‣ Increase productivity by over $466 billion—6 million manyears
‣ Improve emergency responsiveness
‣ Save $170 billion in real estate and related costs (assuming
a 20% reduction)
‣ Save $28 billion in absenteeism (25% reduction) and
turnover (10% reduction)
‣ Improve continuity of operations
‣ Avoid environmental sanctions, city access fees, etc.
‣ Reduce their energy costs and carbon footprint
‣ Improve work-life balance and better address the needs of
families, parents, and senior caregivers
‣ Avoid the ‘brain drain’ effect of retiring Boomers by allowing
them to work flexibly
‣ Be able to recruit and retain the best people
‣ Achieve a better work-life balance
‣ Recoup almost a week of free time per year—time they’d
have otherwise spent commuting
‣ Save $2,000-$6,700/year, not including daycare and
eldercare costs or reduced car insurance premiums
‣ Suffer fewer illnesses
‣ Reduce the offshoring of jobs and homeshore some that
have already been lost
‣ Provide fuller employment opportunities for special
populations include rural workers, the disabled, and military
‣ Reduce the economic and political vulnerability that stems
from our dependence on foreign oil
‣ Reduce terrorism targets of opportunity
More than a dozen state and federal legislative initiatives
aimed at encouraging telework have been introduced in
the past three years. Many have been enacted. Federal
transportation monies already fund a handful of state and
local advocacy programs. While this is encouraging, unless
a coordinated approach to telework is taken, well-intended
initiatives risk duplication of effort and cost. Moreover,
without a good understanding of who is already teleworking, it will be impossible to measure the success or return
on investment of new programs.
‣ Save 281 million barrels of oil a year ($28 billion/year at
$100/barrel)—the equivalent of 46% of our Persian Gulf
‣ Reduce greenhouse gases by 51 million tons/year—the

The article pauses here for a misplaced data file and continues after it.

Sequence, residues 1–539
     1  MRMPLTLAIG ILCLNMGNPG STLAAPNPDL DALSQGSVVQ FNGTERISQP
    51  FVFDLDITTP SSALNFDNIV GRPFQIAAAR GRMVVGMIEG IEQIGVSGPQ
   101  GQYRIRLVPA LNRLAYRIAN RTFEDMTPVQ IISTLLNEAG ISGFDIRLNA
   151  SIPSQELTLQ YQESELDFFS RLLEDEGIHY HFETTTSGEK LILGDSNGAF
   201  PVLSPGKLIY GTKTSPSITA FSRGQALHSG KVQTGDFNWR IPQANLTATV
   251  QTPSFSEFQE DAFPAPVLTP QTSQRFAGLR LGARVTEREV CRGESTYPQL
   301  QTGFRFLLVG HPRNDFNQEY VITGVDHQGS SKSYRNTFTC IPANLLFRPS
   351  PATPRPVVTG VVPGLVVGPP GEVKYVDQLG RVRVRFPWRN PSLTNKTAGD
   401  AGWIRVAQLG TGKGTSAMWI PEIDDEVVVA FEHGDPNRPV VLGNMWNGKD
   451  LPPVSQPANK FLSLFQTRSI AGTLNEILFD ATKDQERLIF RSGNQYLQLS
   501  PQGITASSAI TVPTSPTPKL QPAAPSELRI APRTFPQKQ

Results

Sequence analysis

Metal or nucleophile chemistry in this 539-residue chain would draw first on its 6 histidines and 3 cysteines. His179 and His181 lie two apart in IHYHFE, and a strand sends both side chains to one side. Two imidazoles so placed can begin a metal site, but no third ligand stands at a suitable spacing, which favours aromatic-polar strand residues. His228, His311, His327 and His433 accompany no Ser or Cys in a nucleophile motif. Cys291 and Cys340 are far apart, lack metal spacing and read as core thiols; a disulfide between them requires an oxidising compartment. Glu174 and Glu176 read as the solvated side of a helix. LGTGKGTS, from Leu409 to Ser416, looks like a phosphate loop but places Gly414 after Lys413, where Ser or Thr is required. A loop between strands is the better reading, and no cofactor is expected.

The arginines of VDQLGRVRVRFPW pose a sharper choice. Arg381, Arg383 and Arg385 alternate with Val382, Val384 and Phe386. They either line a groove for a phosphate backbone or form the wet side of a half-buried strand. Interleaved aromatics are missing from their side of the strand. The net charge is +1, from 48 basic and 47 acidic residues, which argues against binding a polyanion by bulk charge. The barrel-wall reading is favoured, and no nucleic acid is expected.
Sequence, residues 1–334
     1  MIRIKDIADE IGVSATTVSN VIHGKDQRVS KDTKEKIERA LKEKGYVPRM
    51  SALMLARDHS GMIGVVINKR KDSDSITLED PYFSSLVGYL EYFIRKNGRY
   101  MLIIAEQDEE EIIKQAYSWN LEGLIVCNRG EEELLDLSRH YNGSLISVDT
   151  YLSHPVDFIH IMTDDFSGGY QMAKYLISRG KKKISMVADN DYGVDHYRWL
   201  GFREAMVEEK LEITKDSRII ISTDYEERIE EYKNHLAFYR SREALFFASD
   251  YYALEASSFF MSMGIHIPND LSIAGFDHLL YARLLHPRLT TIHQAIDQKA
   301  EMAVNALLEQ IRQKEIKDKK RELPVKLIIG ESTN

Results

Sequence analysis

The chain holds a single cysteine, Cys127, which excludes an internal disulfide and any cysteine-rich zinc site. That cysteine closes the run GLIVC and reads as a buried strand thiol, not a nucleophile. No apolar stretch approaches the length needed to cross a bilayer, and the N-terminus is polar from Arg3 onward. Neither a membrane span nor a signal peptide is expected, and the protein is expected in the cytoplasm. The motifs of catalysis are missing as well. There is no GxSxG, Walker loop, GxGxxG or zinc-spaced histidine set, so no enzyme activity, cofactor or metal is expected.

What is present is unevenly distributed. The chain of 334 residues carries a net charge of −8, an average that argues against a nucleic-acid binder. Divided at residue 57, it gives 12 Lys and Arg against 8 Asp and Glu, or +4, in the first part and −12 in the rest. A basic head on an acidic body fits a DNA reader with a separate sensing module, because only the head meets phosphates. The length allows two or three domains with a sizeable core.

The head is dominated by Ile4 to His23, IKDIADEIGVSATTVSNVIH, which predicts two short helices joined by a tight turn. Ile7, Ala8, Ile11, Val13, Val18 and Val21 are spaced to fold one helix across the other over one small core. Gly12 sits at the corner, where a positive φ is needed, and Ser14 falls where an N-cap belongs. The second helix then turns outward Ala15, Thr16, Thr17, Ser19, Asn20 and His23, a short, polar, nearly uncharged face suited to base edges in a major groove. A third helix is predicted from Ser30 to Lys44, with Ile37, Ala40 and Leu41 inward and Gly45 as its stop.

equivalent of the entire New York state workforce off the
23 - State of Telework in the U.S
‣ Reduce pollution
‣ Develop cross-agency initiatives to foster state and local
telework advocacy programs. DOE, EPA, DOT, DOL, SBA,
VA, CDC, the Council on Disability, NSA, DOI, DOD, and
even SSA all have something to gain from telework.
‣ Specifically include telework as a valid transportation
demand management and pollution reduction strategy in
the nation’s transportation and energy policies.
‣ Collect data from those state and local advocacy programs
that have already proven successful. TeleworkVA, for
example, has a program that offers cash incentives to
Telework Research Network
companies that allow their people to work from home.
Other successful models are offered by the federal
government’s own telework programs, The Telework
Exchange, TelecommuteConnecticut, Commuter Challenge
in Seattle, 36 Commuting Solutions in Denver, M-ATAC in
Washington DC, TelCoa, WORKShiftCalgary, the Sloan
Work and Family Network, and dozens of private
practitioners. Sharing information about what has already
been tried and what has worked can save substantial
determine where and how often each class of worker is
working remotely.
‣ Make ubiquitous high-speed broadband access a priority.
Without uniform access, telework will not be available to
those who need it the most.
‣ Require that state and local taxing authorities abolish
policies that double-tax home-based workers. New York’s
‘telecommuter tax’ may explain why the NY metro region’s
telework participation rate is so low.
‣ Agree on a universally accepted method of verifying and
measuring telework participation. This is particularly
important as public monies are used to fund programs and
as city access fees, commuter taxes, carbon reporting, and
environmental sanctions become realities.
‣ Offer partial home office tax credits for people who work
from home part time and allow WAH employees to deduct
their home office equipment costs.
‣ Provide funding for the implementation of the Telework
Enhancement Act of 2010. Passed with bipartisan support,
this legislation is intended to increase telework participation
within federal agencies, but as no funding was associated
with the bill, many agencies are finding it impossible to
‣ Encourage the relaxation of local zoning laws that prohibit
home-based work.
‣ Establish a public-private partnership within SBA to help
small private sector companies evaluate and implement
‣ Encourage states and local governments to support
telework for their own employees and to encourage private
sector adoption. Progress toward telework goals should be
included in agency head and managers performance
evaluations. Best practices and vendor assessments
should be openly shared between government agencies to
avoid duplication of effort and ensure that poor performing
vendors are not hired elsewhere (think Yelp for
government). Essential telework fundamentals such as IT
and organizational readiness assessments and telework
training (for agency leaders, managers, employees). should
be required for all programs using federal funds to ensure